Posted in: Pets.
Tagged: 3 years · Fish Bowl · Gal Tank · goldfish · goldfish bowl · Guppies · Guppy Fish · Kid Care
You cannot properly care for any fish in a fish bowl. Guppies need at least a 10-gallon filtered heated tank. A 5-gallon tank, assuming it is heated, is suitable only for a single betta.
Please research any fish before purchasing.
Here are 2 good sites to start with:
It is much easier to care for guppies in a toilet bowl.
The only problem will be when you change the water in the goldfish bowl, because the guppies are so small.
I wouldn’t suggest keeping them in a bowl, guppys are just so delicate, it would be best to just buy a little tank or something.
Maximum Size: The maximum length is 2.4 inches.
Minimum Tank Size: 10 gallons or larger tank is appropriate.
Life span: Average 2-3 years.
Care Level: The Guppy is a relatively easy fish to maintain. On a scale of 1 –10, (10 being easy) it would rate a “8”.
Tank Conditions: Temperature 75 – 82°F; pH: 5.5 – 8.5
Diet: Omnivore – Use a good flake food as the basic diet. Some good supplements include bloodworms, tubifex worms, Tetra bits, and frozen brine shrimp. Some greens in their diet, such as Tetra Spirulina flakes are advisable
Guppies are tropical fish. They need heated water.
They will NOT LIVE LONG IN A BOWL.
Oh and three years in a life of a goldfish is NOT long. Goldfish can live for 50-100 years, but people rarely take care of them correctly.
A couple guppies should be fine in a fishbowl, I think. A kid can care for the fish by feeding them each day (according to the directions on the fish flakes) and by helping clean the bowl.
When you go to buy the guppies, ask the pet store employee from the fish section to recommend food and how often you should clean the bowl and what else you would need or would be safe to put in the bowl.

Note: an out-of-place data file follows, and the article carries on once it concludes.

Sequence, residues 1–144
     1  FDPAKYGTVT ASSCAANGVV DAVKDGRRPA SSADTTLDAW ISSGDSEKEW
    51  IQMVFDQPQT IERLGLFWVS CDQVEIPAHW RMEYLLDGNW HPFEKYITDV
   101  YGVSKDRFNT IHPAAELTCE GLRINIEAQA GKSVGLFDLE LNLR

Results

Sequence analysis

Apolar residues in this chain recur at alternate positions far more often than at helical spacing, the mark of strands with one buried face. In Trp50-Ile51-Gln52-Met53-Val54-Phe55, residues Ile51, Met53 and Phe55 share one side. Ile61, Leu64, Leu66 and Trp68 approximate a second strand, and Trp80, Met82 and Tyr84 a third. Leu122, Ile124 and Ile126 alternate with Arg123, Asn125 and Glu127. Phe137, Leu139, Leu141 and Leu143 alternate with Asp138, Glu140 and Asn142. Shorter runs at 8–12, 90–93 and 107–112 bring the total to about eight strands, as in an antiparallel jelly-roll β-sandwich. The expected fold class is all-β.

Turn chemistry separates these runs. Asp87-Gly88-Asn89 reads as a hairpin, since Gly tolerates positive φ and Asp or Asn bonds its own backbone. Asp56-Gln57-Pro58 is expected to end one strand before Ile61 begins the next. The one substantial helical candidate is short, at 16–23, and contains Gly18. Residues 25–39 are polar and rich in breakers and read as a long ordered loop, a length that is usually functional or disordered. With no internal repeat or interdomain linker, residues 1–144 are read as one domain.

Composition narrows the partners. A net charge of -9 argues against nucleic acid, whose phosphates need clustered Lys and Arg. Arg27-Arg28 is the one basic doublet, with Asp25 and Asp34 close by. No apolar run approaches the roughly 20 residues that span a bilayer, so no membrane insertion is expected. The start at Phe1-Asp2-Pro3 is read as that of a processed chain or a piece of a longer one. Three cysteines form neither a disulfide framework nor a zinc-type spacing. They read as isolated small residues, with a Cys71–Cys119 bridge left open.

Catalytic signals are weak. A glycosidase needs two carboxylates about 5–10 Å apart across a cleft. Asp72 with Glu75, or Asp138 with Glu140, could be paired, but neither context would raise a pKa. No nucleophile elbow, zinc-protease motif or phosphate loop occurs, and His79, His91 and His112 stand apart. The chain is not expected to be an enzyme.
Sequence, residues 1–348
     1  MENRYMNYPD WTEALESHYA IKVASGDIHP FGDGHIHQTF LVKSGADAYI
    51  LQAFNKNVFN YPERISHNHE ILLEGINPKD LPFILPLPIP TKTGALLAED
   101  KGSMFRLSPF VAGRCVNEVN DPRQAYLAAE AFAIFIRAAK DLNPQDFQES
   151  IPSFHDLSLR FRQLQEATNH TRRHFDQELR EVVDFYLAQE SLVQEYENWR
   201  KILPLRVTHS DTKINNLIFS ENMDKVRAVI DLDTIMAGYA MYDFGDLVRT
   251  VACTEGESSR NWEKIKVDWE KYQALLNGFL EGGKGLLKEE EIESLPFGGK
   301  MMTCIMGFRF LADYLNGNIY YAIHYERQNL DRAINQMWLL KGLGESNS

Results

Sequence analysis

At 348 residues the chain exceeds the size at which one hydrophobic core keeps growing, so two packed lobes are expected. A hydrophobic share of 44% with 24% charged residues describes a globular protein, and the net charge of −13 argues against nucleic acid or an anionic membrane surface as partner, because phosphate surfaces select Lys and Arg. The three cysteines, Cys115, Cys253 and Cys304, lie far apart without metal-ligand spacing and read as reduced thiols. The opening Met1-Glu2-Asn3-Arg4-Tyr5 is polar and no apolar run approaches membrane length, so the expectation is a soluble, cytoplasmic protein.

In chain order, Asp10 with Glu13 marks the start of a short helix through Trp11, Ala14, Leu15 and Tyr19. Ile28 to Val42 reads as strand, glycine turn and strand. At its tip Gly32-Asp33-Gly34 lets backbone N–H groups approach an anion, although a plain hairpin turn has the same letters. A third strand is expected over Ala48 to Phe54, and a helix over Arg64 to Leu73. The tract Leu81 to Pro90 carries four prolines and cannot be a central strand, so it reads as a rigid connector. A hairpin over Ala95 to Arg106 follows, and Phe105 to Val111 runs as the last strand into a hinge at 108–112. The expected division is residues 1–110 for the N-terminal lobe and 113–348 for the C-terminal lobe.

How my mum always used to clean the fish bowl she had near the kitchen was to fish all the fish out with one of those net thingies and put them into a (clean) cup of water. Then she would rinse out the bowl and scrub, then rinse well. I don’t see why a kid couldn’t do this (and I did sometimes).
I like the idea of fish as a pet to teach responsibility to a kid. My parents had, at one time — a 50 gallon fish tank (my dad still has fish in it); a 10-gallon fish tank with warm-water fish in my room; a 15 or 20-gallon fish tank with a couple huge goldfish in my sister’s room; and a fishbowl in the kitchen. (The kitchen bowl was good for those carnival feeder fish and for a crazy gourami fish that my dad got that tried to eat all the other fish…) We were each responsible for cleaning our own tanks and feeding our own fish.
EDIT: OK, so reading the other comments, a guppie is a tropical fish. Goldfish require bubbles, so you’d have to put some sort of filter in it. I think your best bet would be a beta (I’ve read several places betas should be fine by themselves in a little fish bowl) or check with a local fish shop – not a pet superstore like Pet Smart or, heaven forbid, WalMart.
Yes you can, the only thing is guppies are tropical fish you would Parable need a heater they a just very well with temperates a little lower. But not to low.
Hi, No fish deserves to suffer in a bowl which is a death sentence, trying to cut corners when it comes to animal welfare always ends in tears. It’s not a case of how long you can make it live for-it’s a case of how long will it live if I care for it properly-anything less & you are selling yourself short & needlessly shortening a life. Keeping a living creature is not a right, it is a privilege so do your research & you may decide fish keeping is not for you.